Gangs armed with machetes and bows and arrows burned and hacked to death members of a rival tribe in western Kenya Sunday, as the death toll from the latest explosion of violence over disputed presidential elections rose to at least 69. Houses were blazing in the center of Naivasha, a tourist gateway.
Some 55 bodies were counted Sunday at the morgue in Nakuru, the provincial capital where ethnic clashes erupted Thursday night and continued until Saturday. Bodies were still arriving there Sunday, said a morgue attendant who spoke on condition of anonmyity because he was not authorized to speak to the media.
A local newspaper reporter saw another five bodies Sunday in two slums on the outskirts of Nakuru.
The fighting spread Sunday to Naivasha 55 miles northwest of Nairobi, where at least nine people were killed, according to the count of a local reporter.
Nearly 800 killed
The latest deaths raise the toll to nearly 800 killed in ethnic violence and clashes with police since President Mwai Kibaki was declared winner of Dec. 27 balloting that international and local observers say was rigged. Some 255,000 people have been forced from their homes.
In Naivasha, groups from Kibaki's Kikuyu tribe set ablaze the homes of Luo rivals in the center of the town. Police, apparently overwhelmed, did not intervene.
A reporter saw the bodies of seven victims hacked to death or burned alive in their homes. On Saturday, a Luo couple were slashed to death with machetes in Naivasha.
Kibaki and opposition leader Raila Odinga, who claims he won the election, remain far apart on how to resolve the crisis, the worst the country has suffered since its 1963 independence from Britain.
Kibaki has said he is open to direct talks with Odinga, but that his position as president is not negotiable. Odinga says Kibaki must step down and new elections are the only way to bring peace.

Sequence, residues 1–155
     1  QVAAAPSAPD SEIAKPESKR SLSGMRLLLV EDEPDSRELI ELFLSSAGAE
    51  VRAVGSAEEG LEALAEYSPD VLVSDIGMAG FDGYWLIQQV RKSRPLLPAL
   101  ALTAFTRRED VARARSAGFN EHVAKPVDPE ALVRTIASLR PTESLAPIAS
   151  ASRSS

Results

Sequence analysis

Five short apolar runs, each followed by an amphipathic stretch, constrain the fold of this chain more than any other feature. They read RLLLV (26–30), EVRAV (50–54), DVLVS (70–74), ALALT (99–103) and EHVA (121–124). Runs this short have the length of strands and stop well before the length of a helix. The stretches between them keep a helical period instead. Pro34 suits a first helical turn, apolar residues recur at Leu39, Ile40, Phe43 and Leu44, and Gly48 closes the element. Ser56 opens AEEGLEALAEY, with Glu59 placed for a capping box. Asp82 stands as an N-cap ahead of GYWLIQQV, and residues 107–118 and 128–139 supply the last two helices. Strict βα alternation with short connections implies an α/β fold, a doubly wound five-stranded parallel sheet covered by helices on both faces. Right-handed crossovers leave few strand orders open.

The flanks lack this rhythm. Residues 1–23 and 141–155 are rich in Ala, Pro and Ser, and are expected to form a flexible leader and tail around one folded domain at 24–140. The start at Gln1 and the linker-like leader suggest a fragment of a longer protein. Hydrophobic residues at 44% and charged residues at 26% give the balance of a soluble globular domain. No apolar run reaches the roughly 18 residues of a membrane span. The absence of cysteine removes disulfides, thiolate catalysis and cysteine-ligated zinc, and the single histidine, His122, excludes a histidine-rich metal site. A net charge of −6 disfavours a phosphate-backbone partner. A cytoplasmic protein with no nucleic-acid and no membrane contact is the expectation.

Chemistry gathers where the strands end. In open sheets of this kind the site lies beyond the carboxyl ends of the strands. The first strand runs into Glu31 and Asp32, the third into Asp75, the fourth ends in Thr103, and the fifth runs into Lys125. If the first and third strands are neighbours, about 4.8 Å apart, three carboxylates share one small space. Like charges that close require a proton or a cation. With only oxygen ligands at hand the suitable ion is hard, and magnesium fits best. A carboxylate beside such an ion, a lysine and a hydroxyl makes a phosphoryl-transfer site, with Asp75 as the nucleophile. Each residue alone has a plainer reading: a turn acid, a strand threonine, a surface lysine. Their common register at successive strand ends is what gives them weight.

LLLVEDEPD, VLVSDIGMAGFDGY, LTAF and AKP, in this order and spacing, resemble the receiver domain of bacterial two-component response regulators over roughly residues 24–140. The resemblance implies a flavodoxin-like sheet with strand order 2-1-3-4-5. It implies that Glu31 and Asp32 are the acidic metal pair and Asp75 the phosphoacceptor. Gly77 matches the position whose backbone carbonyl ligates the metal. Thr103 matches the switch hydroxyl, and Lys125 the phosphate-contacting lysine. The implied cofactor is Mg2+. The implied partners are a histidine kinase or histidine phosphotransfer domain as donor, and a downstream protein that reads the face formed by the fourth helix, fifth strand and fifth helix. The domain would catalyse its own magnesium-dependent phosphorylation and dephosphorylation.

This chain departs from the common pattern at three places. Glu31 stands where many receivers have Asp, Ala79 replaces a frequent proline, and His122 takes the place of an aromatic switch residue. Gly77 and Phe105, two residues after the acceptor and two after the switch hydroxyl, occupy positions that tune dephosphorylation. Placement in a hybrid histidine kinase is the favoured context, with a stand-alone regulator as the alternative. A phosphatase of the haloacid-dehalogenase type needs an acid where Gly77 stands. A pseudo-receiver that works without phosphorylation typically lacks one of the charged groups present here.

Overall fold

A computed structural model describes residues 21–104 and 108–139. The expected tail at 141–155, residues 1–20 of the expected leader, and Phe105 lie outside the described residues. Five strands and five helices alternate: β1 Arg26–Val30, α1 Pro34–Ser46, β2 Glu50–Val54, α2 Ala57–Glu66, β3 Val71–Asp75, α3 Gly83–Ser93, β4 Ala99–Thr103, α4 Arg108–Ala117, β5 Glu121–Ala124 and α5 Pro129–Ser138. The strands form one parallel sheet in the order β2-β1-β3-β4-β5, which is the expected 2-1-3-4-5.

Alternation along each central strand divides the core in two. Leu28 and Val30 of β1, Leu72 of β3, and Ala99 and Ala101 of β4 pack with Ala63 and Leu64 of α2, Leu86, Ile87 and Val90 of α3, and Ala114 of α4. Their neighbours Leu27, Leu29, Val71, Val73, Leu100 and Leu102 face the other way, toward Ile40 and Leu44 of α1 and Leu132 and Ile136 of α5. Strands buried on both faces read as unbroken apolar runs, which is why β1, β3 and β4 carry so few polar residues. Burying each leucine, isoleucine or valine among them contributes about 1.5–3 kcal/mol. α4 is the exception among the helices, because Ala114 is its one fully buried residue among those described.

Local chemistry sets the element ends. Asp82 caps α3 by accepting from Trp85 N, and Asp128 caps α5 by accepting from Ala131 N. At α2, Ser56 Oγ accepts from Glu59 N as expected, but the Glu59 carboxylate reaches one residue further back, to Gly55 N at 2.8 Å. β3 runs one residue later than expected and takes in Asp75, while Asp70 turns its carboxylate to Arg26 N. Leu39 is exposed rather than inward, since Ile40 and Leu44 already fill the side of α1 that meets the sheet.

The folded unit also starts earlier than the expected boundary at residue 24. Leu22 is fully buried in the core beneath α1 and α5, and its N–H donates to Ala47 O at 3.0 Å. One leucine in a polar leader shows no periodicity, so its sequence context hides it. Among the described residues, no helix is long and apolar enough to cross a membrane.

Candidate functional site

Meeting with Kofi Annan
On Sunday, Odinga was meeting with former U.N. Secretary-General Kofi Annan, the latest international mediator attempting to bring the two sides together.
Opposition spokesman Salim Lone said they were asked to name three negotiators for the talks, which he said he would hopefully start "within a week."
Lone said they expected Annan to deliver four documents Sunday night, three outlining terms of reference and rules of engagement and the fourth an agenda for the talks. All were drawn up with input from both sides as well as from civil groups. Both sides might want changes to the documents, he said, but "at least now they are moving toward something concrete."
Annan toured trouble spots Saturday in the western Rift Valley, which includes Naivasha, and alluded to underlying causes of the conflict, including decades-old resentment of Kikuyus' domination of politics and the economy, and old grudges over land between different ethnic groups.
"We cannot accept the pattern every five years these sorts of incidents take place and no one is held to account," Annan said. "Let's not kid ourselves this is an electoral problem. This is much broader."
While ethnic clashes have accompanied past Kenyan elections, the scale of the violence this year has been far worse. It has mainly pitted other ethnic groups, which support the opposition because they feel marginalized, against Kibaki's Kikuyu people.
Kikuyus were the main victims in the initial eruption of violence, with hundreds killed and more than half of those driven from their homes belonging to Kibaki's tribe. Now it appears they are on the war path.
The crisis has destroyed the East African nation's image as a peaceful haven in a region rife with conflict.